What should be my first science fiction novel?

At least, I think it would be my first. Background: I’ve done a good bit of reading in my time, but science fiction has never called to me, at least in book form. Favorite (non sci-fi) authors include John Irving, Mark Helprin, Cormac McCarthy, and Don Delillo; some favorite books include “A Confederacy of Dunces” and “The Amazing Adventures of Kavalier and Clay”, and “A Prayer for Owen Meany”.

Moving now to sci-fi TV and movies…I liked Battlestar Galactica quite a bit, never saw a full episode of Star Trek, never saw Dr. Who or Firefly. The original 3 Star Wars were OK, the others, meh. I love the original Twilight Zone episodes (not considered strictly sci-fi, probably). I like Aliens, Avatar was all right, 2001 not so much.

Two recent movies I loved: “District 9” and “Moon”.

So…I know who the major science fiction authors are, but I don’t know which should be my first, or which particular book.

Help a brother out?

The Moon Is A Harsh Mistress, by Robert Heinlein, is a good place to start. The dean of the genre at the height of his powers.

While you’re waiting for people to respond in this thread, you could take a look at these old threads:

Recommend a sci-fi book for someone who has never read science-fiction
Ten S-F Books for Complete Beginners…
What is the quintessential science fiction novel?

Guessing from your OP,

Stranger in a Strange Land
The Voyage of the Space Beagle

Seconding Moon is a Harsh Mistress. Not only is it a good book, well reflective of what’s best in sci-fi, but it is a good opening into the Heinlein-verse. Poke around there but save Time Enough for Love until you’ve got a few under your belt. You also can’t go wrong tangenting to Stranger in a Strange Land.

Alfred Bester’s The Stars My Destination. Better characterization the Heinlein, better writing in general, more fascinating society, no political digressions, classic plot.

Bester’s The Demolished Man is almost as good. Since Bester was ahead of his time, they hold up very well.

This is an excellent list:

What are the classics of science fiction? Who gets to decide? Do the fans know best, or the critics?

I decided to use the wisdom of crowds. I gathered polls where fans voted for their all-time favorite books, found critics who wrote books on science fiction and included lists of their critical favorites, discovered books by science fiction writers recommending books that influenced their writing, added lists of award winners, and even made a list of which science fiction books have been made into movies, and put them all in a database. I ended up with 28 lists. From there I generated a new list, using any book being on at least seven of the original lists, and I called the results, The Classics of Science Fiction.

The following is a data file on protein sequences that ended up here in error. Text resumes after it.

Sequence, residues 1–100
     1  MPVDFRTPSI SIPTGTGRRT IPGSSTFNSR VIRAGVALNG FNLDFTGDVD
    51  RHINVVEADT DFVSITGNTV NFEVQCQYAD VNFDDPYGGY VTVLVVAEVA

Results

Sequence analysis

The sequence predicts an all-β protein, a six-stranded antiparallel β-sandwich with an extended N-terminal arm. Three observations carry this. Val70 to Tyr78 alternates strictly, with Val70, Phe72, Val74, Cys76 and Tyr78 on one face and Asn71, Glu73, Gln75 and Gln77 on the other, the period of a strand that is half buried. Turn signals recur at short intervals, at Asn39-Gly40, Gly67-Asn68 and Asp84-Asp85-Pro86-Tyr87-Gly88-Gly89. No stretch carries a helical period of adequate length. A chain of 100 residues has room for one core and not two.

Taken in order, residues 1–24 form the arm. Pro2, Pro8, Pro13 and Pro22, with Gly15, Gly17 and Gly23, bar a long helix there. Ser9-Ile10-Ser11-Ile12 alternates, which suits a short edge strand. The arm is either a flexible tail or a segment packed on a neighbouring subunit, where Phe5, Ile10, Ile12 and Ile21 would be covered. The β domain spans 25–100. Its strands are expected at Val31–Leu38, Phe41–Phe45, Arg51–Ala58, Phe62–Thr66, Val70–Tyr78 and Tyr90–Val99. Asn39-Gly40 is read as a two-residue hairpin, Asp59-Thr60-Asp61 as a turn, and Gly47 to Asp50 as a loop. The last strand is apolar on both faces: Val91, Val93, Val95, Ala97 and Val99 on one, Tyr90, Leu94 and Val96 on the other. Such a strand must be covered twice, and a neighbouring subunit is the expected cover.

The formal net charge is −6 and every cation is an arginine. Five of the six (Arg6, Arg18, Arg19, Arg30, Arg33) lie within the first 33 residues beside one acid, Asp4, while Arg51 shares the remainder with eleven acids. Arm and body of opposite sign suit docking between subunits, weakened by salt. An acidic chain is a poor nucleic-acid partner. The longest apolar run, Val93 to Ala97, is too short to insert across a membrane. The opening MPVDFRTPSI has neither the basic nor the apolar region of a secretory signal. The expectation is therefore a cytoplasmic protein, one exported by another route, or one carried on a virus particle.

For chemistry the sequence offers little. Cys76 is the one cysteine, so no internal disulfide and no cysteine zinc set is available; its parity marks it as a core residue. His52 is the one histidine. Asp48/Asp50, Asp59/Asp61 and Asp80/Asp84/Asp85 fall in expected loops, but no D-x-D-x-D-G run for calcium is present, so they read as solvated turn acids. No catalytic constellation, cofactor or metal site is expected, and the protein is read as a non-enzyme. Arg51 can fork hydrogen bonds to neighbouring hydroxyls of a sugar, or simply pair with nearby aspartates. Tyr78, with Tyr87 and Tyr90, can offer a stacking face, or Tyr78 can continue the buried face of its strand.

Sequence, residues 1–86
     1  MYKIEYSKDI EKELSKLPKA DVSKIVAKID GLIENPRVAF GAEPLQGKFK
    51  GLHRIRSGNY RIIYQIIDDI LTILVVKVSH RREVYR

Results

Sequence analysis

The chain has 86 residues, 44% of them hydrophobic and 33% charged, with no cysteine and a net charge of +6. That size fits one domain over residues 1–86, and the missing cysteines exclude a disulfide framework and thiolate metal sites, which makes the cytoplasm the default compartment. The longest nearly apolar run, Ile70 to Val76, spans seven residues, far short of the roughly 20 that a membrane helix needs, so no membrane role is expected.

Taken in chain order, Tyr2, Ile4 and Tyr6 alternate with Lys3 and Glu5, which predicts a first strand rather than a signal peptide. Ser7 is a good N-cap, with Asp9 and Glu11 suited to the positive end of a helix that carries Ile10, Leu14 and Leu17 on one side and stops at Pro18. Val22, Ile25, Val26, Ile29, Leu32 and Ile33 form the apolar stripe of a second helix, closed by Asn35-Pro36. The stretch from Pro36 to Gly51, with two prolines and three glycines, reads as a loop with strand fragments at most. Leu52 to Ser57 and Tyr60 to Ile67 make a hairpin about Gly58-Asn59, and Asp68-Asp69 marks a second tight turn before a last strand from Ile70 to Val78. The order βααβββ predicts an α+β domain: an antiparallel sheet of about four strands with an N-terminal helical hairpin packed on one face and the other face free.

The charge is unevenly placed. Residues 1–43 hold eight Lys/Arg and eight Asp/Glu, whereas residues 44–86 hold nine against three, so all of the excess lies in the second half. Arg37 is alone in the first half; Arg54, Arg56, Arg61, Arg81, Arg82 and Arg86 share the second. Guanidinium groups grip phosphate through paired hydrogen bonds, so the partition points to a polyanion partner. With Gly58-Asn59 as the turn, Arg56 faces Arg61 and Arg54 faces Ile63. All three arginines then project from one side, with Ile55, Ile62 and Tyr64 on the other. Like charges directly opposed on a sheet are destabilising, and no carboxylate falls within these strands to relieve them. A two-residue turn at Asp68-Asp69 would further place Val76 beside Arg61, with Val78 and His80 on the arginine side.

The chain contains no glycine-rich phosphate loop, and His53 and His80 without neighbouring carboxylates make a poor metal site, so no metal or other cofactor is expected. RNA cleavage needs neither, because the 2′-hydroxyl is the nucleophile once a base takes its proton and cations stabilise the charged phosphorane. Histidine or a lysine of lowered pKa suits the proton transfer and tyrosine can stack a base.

One of my personal favorites is The Forever War by Haldeman.

The first sci-fi book I ever read, I think, was Ender’s Game. I don’t know if that’s a great starting point, but I really enjoyed the book way back when.

The best sci-fi book that immediately comes to mind is probably Dune. That has some themes that might kinda sorta correlate well with District 9.

Slaughterhouse-Five, Kurt Vonnegut, but I’m betting you’re going to come back saying, “Ok, what should be my second science fiction novel?”

I’ll recommend a couple of Roger Zelazny books: Lord of Light and This Immortal (aka …and Call Me Conrad).

They both won the Hugo award for best novel of the year. Lord of Light is rich and deep, while Immortal is a charming trifle. Zelazny was one of SF’s better prose guy and more philosophically sophisticated than myself.

Meaning, I loved it so much I want more?

Or it was so bad I couldn’t get through it?

I think they were betting you’d already read it, and hadn’t thought of it as science fiction at the time.

Oh, hell no.

Stranger is an awful place to start, for anything. Start with The Moon Is A Harsh Mistress or Rendevous With Rama.

Exactly right. A lot of people think of science fiction as pulp without much literary merit. Slaughterhouse-Five has serious literary cred though, and consequently, it’s often not perceived as science fiction.

You realize you’re agreeing with me, right?

I’d also disagree. Stranger in a Strange Land is good if you’re really into Heinlein at his most Heinleinesque - but it’s no book to use as an introduction to the SF genre. I’m not sure I’d even recommend The Moon is a Harsh Mistress for that. If I were picking a Heinlein book as an introduction to science fiction, I’d go with Double Star.

I haven’t read The Voyage of the Space Beagle so I can’t comment there.

But it’s time for us SF fans to admit the uncomfortable truth: Isaac Asimov was a hack. Which doesn’t make his stuff worthless - if you like SF you can read his work and love it despite the hackiness. But there’s no way he should be used to introduce anyone to science fiction.

It was bound to happen sooner or later.
I blame Goibniu.

The Sparrow by Mary Doria Russell.

Great, amazing book. I would compare it to “District 9” in that it raises both practical and philosophical questions about what might happen when humans encounter intelligent aliens, for realsies. the plots are not similar though.

Personally, I actually don’t think most of the “classics” are very approachable if you’re over the age of 13 and have never read SF before. I would recommend against Heinlein, Asimov, Clarke, etc.

Since you have 2 of my all time favorites listed right there, I’m guessing we might just share similar tastes. With that in mind, I’m going to recommend Ray Bradbury’s “The Martian Chronicles”. I predict you won’t be disappointed.

Based on the OP’s choices, I wouldn’t suggest anything along the lines of the Asimovs, Heinleins, or the like. He’s listing literary novels and Asimov, to use him as an example, was not literary.